There are a number of points to recommend this series to readers who enjoy fantasy-driven adventure stories of epic proportions. To start, this is a beautiful-looking book. It has rich, deep colors with clean lines and shading, and the torn edging appearance of each frame conveys a sense of age to the story being told. Format variety from one page to the next keeps each page fresh, and King is mindful of how the eye will travel across the page. The fighting sequence is effective in the digital format. The blurring technique employed visually renders well the sense of chaotic motion the characters are experiencing.
The placement of the speech bubbles leaves ample room for the characters to live and breathe on the page; action is unobstructed. Camelo's choice of lettering and the parchment emulating speech bubbles complement the tale. In particular, the narration bubbles shaped like open books along with white highlights is a nice touch of detail.
On the flip side, there were a couple of story shortfalls in the first issue of Battlecats. Almost half of the issue is devoted to a battle sequence, creating an imbalance between action and character development. I would have preferred another two to four pages of story development, because this would have allowed London more time to introduce the warriors and the kingdom they inhabit. It also would have heightened the sense of danger faced by the protagonists. In tandem, there was a disconnect between time and location. For example, one of the warriors mention that “by mid fedd we should reach La Marque” did not tell me if this was a few Earth days or several months. Nor was there any way to figure it out, because distance between one point to another was unknown. I think a map of the world might have helped.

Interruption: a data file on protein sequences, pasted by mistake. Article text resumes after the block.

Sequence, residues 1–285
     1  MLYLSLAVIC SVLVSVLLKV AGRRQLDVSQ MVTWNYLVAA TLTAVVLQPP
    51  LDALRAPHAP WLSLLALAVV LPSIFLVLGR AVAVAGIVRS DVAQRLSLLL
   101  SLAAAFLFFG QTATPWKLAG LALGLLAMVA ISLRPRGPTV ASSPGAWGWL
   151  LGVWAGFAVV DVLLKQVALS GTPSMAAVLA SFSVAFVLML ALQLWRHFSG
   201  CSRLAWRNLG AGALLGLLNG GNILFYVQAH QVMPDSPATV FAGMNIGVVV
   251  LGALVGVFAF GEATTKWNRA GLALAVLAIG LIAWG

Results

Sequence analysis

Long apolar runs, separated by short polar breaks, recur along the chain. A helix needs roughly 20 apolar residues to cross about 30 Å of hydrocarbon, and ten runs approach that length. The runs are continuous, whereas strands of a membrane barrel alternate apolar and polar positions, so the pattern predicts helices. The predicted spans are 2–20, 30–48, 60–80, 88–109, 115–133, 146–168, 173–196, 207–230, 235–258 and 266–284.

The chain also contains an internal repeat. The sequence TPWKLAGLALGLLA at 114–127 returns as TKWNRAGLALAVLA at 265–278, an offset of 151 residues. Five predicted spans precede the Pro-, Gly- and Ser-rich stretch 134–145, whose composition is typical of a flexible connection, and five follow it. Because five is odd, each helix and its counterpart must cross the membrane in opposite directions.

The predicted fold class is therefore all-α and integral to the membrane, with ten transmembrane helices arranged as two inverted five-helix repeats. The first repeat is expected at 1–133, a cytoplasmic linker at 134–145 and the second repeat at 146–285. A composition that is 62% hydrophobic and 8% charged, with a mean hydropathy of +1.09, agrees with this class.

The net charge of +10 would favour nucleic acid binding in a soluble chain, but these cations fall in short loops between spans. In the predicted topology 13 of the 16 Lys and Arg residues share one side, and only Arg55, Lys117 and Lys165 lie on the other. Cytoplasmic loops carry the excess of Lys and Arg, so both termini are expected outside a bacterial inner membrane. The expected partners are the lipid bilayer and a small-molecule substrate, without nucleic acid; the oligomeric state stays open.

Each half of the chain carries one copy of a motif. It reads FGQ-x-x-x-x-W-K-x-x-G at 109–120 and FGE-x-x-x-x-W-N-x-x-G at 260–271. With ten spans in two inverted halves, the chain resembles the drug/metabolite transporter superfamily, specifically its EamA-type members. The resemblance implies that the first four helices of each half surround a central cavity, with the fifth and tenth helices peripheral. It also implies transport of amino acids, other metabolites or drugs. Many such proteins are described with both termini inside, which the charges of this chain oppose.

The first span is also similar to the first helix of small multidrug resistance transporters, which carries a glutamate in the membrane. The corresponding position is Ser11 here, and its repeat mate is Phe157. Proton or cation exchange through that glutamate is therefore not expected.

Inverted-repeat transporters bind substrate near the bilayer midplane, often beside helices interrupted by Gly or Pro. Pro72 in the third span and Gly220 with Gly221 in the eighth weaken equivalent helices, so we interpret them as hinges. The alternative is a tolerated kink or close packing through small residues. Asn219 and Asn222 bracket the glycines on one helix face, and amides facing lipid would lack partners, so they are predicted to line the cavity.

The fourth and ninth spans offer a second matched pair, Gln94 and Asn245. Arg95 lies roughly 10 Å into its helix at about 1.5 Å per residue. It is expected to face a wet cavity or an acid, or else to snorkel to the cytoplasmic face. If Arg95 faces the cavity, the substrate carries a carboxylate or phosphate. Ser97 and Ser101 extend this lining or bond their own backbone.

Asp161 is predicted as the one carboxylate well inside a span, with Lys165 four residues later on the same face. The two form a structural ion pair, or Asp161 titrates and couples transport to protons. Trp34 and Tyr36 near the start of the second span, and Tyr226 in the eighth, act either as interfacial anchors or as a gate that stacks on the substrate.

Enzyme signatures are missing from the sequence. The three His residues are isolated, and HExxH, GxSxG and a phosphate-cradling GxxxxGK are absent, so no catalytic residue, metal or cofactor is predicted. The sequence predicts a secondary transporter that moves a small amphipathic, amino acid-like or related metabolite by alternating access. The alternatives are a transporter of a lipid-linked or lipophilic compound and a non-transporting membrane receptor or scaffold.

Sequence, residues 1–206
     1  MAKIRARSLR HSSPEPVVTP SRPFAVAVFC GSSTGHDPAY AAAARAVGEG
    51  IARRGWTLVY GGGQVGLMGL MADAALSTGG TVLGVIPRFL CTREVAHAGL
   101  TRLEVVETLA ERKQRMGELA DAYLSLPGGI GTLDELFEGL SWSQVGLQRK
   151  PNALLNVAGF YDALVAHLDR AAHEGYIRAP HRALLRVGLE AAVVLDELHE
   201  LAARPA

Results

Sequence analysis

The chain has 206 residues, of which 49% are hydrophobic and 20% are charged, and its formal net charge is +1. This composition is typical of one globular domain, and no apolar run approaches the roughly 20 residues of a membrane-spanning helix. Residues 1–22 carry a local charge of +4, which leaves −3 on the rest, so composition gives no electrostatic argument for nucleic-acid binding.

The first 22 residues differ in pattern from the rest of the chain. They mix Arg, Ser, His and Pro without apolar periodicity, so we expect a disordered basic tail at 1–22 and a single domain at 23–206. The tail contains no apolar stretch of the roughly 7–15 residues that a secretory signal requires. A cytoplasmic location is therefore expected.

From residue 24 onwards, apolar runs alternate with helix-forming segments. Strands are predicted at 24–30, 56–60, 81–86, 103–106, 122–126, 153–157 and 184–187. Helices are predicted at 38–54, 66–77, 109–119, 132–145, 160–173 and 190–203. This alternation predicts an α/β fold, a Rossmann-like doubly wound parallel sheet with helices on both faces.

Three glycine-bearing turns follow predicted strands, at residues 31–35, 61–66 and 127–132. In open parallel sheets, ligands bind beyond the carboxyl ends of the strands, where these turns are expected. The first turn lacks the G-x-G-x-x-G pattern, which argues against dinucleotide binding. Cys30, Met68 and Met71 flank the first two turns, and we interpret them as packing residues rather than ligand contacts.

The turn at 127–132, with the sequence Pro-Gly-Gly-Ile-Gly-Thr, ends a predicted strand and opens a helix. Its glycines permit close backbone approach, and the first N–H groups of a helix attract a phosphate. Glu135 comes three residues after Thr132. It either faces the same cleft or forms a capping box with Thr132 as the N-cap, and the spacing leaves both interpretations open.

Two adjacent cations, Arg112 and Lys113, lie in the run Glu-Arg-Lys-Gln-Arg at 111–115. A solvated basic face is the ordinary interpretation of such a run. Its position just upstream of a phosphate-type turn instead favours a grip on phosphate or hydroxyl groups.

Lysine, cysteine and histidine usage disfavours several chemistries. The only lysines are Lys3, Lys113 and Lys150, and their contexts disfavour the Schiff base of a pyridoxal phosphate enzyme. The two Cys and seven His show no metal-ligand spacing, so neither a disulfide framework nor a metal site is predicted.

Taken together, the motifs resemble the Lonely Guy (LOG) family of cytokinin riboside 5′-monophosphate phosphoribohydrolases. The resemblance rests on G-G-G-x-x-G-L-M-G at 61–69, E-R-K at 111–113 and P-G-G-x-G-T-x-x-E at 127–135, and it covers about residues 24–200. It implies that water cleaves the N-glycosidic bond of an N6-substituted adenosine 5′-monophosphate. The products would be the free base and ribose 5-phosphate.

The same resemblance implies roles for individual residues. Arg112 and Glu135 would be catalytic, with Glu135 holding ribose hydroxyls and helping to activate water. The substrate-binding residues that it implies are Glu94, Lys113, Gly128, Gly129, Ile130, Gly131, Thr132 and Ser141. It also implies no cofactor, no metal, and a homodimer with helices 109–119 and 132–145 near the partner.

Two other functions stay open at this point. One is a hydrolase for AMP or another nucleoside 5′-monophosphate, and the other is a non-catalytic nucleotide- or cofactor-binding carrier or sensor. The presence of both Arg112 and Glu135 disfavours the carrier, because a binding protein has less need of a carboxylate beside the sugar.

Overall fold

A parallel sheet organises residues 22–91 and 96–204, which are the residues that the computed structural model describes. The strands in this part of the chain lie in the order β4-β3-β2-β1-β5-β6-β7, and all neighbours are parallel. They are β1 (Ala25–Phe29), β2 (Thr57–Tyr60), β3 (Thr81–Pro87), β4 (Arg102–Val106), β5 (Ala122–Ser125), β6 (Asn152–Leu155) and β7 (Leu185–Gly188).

There were also a couple of minor visual issues. While the torn edging of the frames looked great early on, they were disruptive on the pages of the ambush and ensuing battle sequence. Perhaps instead of a white background, a deep color would have been more pleasing to the eyes and less jarring. Also, as the ambush is commencing, the sound effect texts are lost amongst the action unfolding on the page. A few less sound effects and re-positioning and re-coloring the remaining texts with one color each would have allowed them to pop off the page and add the dramatic oomph that was needed.
Although the first issue has a couple of minor problems, overall, Battlecats is a strong start for Mad Cave Studios' comics division. It has a polished, professional look and since it is offered digitally, the cost is kept at a very reasonable $2.99. The medium lets the creative team showcase their talent and dedication to telling an interesting story. And, it is definitely worth sticking around and reading the second issue to see what happens next.